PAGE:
Self-governments are ignoring the voices of non-governmental organizations, which are, for over two years, trying to convince the Zgorzelecki district and Bogatynia that the best guarantee of employment in the region is using the EU funds intended for Just Transition.
PGE, still sticking to the prolongation of the Turów’s concession, is taking away Bogatynia’s chance to develop and properly prepare to the inevitable transformation. If the local authorities fail to understand early enough that coal mining doesn’t have any future, they will proverbially get the short end of the stick. PGE, sooner or later, will be forced to close the complex due to economic reasons. Moreover, the consequences of the energy partnership authorities’ ignorance will mostly affect the residents of the region.
Meanwhile, according to the expertise of professor Jan Popczyk, it follows that the green transformation in the region is possible and will ensure more jobs than there are currently provided by the Turów complex.
4. PGE is trying to prove that Turów has no influence on water
Polish PGE is doing everything to prove that Turów has no influence on the state of waters in the Czech Republic and Germany and denies studies based on reliable research. On June 22nd 2020, Polish web portal sponsored by PGE “Cire” issued a report stating that „the Turów mine has a negligible impact on hydrological conditions on the Czech side”.
The article by Cire also states that "the impact on water resources at the Czech border includes meteorological conditions, not the operation of the Turów Mine, belonging to the PGE GiEK company from the PGE Group".
"However, in a world modified by a man and climate change, droughts are affected by their combined impact," the report reads. The report however never mentioned that one of main reasons for climate change is coal itself. The Turów mine and power plant contribute directly to deepening the climate crisis by emitting huge amounts of carbon dioxide. In the period of 2020 - 2038, combustion of coal extracted in the Turów mine emits at least 10.3 million tonnes of CO2 annually.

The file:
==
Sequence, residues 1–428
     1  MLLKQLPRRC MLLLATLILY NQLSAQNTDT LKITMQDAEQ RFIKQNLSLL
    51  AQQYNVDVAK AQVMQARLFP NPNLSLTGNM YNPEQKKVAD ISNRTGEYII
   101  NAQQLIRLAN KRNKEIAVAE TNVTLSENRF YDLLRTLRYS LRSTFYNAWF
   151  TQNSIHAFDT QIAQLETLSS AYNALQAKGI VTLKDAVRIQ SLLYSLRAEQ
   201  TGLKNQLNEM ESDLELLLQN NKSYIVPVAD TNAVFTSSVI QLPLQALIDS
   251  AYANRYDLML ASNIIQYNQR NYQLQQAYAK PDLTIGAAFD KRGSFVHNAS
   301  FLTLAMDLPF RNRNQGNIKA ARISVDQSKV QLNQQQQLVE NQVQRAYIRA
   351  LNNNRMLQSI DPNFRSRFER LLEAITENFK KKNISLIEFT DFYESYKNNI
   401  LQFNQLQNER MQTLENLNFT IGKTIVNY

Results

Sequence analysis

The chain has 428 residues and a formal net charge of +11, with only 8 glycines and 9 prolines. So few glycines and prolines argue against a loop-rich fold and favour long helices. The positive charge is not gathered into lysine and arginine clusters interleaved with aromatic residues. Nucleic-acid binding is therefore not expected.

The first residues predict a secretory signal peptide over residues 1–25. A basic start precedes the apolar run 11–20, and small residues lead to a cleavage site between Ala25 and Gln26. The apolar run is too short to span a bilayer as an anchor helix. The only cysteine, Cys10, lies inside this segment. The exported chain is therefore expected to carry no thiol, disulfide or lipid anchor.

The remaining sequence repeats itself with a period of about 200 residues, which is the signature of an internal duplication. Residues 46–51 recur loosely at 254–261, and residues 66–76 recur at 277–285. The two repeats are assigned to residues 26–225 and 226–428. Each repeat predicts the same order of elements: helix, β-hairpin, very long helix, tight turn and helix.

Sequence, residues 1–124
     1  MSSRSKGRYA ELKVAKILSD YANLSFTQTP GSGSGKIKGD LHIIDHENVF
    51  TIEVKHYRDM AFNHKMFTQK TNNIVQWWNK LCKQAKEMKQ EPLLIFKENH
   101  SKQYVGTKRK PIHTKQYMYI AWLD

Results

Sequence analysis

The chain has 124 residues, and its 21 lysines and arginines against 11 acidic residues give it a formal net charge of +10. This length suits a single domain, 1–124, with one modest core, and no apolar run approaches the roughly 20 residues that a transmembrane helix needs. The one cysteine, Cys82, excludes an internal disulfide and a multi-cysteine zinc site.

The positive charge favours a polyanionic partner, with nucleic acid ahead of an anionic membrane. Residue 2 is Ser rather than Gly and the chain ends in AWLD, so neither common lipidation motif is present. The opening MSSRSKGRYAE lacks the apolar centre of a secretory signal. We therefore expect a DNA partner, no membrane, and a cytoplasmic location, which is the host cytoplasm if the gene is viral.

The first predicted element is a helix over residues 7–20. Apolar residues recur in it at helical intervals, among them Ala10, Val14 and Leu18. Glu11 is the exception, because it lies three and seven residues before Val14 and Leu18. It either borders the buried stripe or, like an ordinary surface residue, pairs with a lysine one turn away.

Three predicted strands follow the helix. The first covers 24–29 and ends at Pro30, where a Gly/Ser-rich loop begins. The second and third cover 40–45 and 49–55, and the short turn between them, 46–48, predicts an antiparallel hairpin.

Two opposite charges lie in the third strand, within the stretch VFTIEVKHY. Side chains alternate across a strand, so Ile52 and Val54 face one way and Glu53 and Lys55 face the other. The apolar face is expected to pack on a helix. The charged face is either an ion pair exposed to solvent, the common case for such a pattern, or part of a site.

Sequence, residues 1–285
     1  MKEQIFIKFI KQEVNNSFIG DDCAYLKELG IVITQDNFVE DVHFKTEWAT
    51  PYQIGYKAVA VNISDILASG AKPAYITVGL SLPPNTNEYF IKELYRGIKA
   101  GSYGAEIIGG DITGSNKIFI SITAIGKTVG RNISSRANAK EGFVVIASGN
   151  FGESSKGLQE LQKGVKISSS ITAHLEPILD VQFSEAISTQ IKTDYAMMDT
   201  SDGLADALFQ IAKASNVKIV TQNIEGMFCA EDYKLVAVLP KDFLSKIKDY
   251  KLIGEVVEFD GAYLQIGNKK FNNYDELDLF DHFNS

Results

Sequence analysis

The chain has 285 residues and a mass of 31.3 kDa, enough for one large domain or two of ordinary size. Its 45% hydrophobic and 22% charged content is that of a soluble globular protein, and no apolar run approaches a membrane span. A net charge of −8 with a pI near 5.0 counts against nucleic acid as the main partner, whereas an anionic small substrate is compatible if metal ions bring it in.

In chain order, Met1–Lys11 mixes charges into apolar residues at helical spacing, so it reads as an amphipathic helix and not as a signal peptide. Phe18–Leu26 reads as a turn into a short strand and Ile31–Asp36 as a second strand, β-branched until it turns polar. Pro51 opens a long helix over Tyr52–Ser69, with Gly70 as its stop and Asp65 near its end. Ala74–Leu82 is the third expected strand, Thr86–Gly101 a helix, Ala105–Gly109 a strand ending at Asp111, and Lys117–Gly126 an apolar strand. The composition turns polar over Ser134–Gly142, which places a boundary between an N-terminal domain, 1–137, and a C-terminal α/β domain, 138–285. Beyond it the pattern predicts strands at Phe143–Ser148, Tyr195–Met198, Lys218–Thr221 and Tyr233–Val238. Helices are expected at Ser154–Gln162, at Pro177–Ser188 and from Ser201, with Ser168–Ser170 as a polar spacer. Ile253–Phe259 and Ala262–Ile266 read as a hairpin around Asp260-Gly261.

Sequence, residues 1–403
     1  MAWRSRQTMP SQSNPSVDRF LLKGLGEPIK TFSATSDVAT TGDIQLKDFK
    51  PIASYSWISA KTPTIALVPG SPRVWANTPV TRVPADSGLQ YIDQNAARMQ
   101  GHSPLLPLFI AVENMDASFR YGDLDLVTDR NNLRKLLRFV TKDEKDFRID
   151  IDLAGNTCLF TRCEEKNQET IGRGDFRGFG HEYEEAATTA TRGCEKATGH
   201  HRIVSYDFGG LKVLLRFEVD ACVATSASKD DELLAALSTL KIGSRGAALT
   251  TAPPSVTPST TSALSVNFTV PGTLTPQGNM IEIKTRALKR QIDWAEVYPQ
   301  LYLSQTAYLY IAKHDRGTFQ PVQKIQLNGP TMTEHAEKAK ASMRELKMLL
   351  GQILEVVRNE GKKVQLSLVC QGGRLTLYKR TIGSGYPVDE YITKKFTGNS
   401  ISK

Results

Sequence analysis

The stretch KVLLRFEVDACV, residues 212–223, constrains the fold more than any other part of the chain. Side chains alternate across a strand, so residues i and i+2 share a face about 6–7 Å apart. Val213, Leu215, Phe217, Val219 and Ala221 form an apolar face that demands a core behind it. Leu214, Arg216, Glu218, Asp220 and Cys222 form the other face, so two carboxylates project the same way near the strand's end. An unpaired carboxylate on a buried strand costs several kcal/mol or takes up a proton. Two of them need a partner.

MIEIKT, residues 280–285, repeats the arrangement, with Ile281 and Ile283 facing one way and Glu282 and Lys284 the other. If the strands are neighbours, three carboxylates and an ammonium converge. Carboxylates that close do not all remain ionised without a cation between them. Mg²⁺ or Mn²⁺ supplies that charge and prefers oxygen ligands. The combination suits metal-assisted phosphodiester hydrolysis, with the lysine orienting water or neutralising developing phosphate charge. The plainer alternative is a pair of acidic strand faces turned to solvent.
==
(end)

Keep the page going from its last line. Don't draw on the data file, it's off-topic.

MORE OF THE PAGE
Moreover, the report's authors examined the impact of climate change on surface water status, but did not study the impact on groundwater or the impact of the Turów open pit mine itself on the status of surface and groundwater. Despite this fact, they use the results of their analysis to deny in the eyes of Polish public opinion the results of studies showing the negative impact of Turow on waters.
The report also does not mention that the open pit is associated with heavy metals. The Turów Mine discharges numerous toxic elements into the waters, including mercury (over 330 kg in 2017, of which approx. 100 kg into water and soil). Mercury is one of the particularly toxic substances that is associated with bioaccumulation and its elimination from the environment, which is one of the Water Framework Directive goals.
PGE is a Polish state owned company and Polish government defend its interests. The report available from the State Institute of Meteorology and Water Management is therefore difficult to be objective. Although the institution enjoys an established reputation, the reliability of the report raises doubts, especially since it is being tried to be used to deny other studies dedicated to show the impact on open pit mining on water.
Research on the Turów impact on water status and the environment:
5. Turów or green PGE?
PGE insists mining in the Turów open pit until 2044, although it also admits that coal assets make it difficult to obtain financing and insurance for PGE for the development of the group.
- Due to the fact that, according to the EU, coal is a downward fuel, having coal sources today, we have difficult access to financing new investments from the outside. Banks do not finance those based on coal, but they also do not want to support low-carbon projects in corporations that have coal assets. We also have a problem with insurers. PZU does not deny us the guarantee yet, but it has many reinsurers from abroad, mainly from the United Kingdom, and they are making acceptance problems for concerns such as ours - admitted the president of the company Wojciech Dąbrowski.